It's clear that our 40-year jihad against certain plants and chemicals has done far more harm than good. Despite this, the federal government's drug war strategy, which is founded upon aggressive law enforcement and mass incarceration, remains unchanged.  We continue to arrest nearly a million people a year for marijuana offenses. We remain the world's leading jailer, with an incarceration rate more than five times the global average. And this year, the federal government will spend nearly $4 billion more on drug law enforcement and interdiction than it will on drug treatment.

The aggressive law enforcement comment strikes me as particularly true when it comes to surveillance of Americans who are suspected of absolutely no wrongdoing, including this push to read, store and data mine license plates. The Worcester Telegram & Gazette interviewed ACLU spokesman Christopher Ott who said, "The promoters of these scanners will often say they help identify stolen vehicles, which can be good. What we're worried about is if they're keeping all that data and building a de facto database of people's movements that can be referred to in the future. 'Was this car here or there' on ordinary people."

This tracking of Americans' movements and dumping it into fusion centers is a bit like NSA whistleblower Thomas Drake saying the government considers you automatically suspicious until it can prove otherwise. America is not a land of guilty until proven innocent; just as we are not all potential domestic terrorists, we are also not all drug dealing, murdering addicts under a smoky haze of suspicion. In thinking about the DEA backing APLRs in the war against drugs, consider what Dunagan wrote about the DEA strategy so far. "What has this strategy gotten us?  The highest drug abuse rates on the planet and 50,000 corpses in Mexico."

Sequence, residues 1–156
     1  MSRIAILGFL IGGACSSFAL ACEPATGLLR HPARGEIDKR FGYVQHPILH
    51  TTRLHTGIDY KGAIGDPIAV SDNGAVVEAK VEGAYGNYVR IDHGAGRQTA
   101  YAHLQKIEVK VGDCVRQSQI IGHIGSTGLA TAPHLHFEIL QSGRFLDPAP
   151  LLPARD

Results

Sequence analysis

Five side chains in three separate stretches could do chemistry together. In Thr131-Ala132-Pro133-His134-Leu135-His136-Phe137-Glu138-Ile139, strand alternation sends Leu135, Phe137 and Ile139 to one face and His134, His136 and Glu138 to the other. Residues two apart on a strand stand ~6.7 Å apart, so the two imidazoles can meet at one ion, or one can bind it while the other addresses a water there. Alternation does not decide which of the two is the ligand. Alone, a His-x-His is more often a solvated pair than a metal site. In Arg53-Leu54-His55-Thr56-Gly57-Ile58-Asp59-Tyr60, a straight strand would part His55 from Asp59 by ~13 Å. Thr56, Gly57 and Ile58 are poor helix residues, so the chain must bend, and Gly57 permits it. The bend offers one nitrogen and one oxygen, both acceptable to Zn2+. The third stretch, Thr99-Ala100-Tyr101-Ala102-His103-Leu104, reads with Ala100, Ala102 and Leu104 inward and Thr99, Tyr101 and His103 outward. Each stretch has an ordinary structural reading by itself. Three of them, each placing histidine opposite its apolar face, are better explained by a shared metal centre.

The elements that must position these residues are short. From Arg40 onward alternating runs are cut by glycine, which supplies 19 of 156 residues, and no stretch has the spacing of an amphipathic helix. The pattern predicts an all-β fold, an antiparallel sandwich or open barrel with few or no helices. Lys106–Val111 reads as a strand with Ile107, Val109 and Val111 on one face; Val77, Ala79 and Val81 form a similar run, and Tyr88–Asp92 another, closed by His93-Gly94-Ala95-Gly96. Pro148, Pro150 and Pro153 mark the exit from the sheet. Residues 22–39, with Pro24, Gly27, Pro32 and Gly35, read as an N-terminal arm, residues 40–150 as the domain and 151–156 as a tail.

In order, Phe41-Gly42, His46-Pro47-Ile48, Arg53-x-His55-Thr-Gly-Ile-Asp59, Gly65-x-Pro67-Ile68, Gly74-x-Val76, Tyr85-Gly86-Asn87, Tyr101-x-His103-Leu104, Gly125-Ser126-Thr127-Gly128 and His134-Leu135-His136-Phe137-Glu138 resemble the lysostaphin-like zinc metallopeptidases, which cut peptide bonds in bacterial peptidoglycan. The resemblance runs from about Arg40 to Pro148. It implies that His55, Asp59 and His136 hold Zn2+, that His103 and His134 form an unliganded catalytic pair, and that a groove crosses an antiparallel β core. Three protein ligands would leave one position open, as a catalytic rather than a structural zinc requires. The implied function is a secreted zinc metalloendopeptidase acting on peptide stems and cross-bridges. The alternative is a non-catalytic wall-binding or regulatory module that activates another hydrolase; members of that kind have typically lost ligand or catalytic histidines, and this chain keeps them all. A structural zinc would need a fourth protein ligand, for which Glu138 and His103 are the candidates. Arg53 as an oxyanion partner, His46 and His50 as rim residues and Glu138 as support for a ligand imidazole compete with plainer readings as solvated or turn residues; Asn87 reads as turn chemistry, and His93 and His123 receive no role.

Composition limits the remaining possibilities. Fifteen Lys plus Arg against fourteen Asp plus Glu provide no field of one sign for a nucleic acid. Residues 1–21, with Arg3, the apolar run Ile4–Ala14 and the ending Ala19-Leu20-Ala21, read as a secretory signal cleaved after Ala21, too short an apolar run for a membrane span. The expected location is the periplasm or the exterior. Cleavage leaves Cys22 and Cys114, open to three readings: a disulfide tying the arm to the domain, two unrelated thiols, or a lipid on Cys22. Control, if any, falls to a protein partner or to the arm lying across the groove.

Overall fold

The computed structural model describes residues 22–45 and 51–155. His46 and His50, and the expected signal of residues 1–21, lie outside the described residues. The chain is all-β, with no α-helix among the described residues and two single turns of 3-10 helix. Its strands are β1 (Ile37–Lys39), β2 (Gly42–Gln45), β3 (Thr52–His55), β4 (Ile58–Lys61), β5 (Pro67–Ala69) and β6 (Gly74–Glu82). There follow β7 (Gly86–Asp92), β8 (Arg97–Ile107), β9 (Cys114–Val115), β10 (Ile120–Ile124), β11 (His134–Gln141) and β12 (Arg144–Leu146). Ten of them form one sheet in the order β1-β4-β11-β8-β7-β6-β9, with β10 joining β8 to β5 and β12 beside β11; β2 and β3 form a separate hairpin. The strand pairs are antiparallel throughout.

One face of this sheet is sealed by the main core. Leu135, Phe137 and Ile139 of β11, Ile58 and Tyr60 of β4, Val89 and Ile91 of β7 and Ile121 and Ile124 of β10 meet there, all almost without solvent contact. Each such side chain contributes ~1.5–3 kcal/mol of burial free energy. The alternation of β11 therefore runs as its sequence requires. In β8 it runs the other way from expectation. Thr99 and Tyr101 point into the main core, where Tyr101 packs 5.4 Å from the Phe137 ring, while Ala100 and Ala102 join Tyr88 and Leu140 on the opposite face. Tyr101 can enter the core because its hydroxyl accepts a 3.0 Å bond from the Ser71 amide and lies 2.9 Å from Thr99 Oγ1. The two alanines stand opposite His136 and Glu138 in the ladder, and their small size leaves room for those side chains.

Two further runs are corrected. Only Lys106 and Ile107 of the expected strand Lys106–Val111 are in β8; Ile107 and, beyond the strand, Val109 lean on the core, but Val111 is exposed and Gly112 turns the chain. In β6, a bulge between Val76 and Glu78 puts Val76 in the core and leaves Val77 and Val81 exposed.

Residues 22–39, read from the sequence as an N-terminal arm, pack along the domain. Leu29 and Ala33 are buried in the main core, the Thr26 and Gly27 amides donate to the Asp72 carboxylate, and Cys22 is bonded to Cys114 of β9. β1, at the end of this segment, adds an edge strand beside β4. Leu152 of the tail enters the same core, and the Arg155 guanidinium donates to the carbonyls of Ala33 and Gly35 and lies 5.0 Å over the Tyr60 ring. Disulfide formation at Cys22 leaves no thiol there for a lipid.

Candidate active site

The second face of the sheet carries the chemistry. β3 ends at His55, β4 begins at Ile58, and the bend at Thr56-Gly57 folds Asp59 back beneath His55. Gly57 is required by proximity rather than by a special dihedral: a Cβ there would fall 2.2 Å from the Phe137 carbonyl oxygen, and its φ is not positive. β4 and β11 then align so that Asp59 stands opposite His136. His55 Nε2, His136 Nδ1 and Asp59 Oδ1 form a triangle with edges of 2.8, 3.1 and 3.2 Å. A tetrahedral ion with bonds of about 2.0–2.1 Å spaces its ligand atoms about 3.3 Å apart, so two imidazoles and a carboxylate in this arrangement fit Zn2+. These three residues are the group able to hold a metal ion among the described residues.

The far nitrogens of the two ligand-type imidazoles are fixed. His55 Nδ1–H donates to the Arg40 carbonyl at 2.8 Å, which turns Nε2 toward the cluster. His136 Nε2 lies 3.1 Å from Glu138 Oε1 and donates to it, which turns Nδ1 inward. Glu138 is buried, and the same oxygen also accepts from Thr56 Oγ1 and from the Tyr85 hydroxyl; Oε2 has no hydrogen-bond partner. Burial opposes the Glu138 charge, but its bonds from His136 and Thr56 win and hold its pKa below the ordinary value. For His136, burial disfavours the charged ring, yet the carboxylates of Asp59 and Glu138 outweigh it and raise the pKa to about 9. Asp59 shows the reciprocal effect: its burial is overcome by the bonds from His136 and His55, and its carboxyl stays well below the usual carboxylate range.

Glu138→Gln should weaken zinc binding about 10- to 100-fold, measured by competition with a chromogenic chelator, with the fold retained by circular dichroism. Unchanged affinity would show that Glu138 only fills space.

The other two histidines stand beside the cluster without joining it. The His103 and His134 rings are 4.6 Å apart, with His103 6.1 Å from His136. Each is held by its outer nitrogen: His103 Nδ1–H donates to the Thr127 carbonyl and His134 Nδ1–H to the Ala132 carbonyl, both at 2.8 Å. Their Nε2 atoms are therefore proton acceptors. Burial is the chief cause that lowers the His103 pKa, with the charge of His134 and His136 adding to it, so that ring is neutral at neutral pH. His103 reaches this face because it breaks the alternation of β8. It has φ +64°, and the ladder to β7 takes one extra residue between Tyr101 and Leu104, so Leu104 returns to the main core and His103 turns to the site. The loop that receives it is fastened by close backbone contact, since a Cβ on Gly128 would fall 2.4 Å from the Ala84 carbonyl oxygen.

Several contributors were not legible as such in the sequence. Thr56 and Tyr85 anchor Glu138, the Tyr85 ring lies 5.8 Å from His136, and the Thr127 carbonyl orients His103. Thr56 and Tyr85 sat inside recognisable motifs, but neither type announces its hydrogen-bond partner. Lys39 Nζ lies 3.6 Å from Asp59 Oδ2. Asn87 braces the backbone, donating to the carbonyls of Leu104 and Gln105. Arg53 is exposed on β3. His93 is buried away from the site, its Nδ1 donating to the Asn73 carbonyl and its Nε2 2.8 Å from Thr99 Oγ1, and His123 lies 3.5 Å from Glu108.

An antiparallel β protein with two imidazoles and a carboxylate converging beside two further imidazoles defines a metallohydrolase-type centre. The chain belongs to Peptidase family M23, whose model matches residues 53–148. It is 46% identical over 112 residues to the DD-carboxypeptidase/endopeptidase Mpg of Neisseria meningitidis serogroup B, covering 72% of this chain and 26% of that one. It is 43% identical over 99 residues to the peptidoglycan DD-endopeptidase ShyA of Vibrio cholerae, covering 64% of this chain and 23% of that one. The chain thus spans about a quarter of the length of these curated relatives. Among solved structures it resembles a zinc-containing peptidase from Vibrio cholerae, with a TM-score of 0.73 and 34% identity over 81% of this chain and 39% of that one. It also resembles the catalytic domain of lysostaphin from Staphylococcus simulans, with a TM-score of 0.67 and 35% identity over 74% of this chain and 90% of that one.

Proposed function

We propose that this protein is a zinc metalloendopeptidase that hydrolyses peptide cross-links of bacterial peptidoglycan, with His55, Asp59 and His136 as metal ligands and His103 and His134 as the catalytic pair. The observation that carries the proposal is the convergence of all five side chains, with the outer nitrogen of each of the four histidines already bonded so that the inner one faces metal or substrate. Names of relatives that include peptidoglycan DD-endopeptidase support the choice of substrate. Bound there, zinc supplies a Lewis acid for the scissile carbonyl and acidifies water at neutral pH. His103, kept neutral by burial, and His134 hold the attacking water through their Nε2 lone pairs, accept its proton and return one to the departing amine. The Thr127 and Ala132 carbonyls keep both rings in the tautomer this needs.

The American people-along with a growing chorus of world leaders-are rapidly waking up to this reality. Just 10 percent of the public now believes that the drug war is succeeding, and a majority now favors marijuana legalization. To mix metaphors a bit, public opinion is undergoing a sea-change and is quickly approaching an inevitable tipping point.

Although congress is resisting efforts to reduce secrecy, most Americans realize the surveillance society is out of control. Let's hope We the People soon reach the tipping point of enough is enough about this shadowy world of Total Information Awareness that we live in. After all, when we passed a decade after 9/11 and massive surveillance continued to grow, the ACLU said it's time to reclaim privacy and American liberties. "Privacy rights in America are based on the fundamental principle that our government must have actual suspicion that someone is breaking the law or actively preparing to do so before monitoring Americans in our daily activities. It is not enough for the government to decide to spy on us just in case we are engaged in wrongdoing."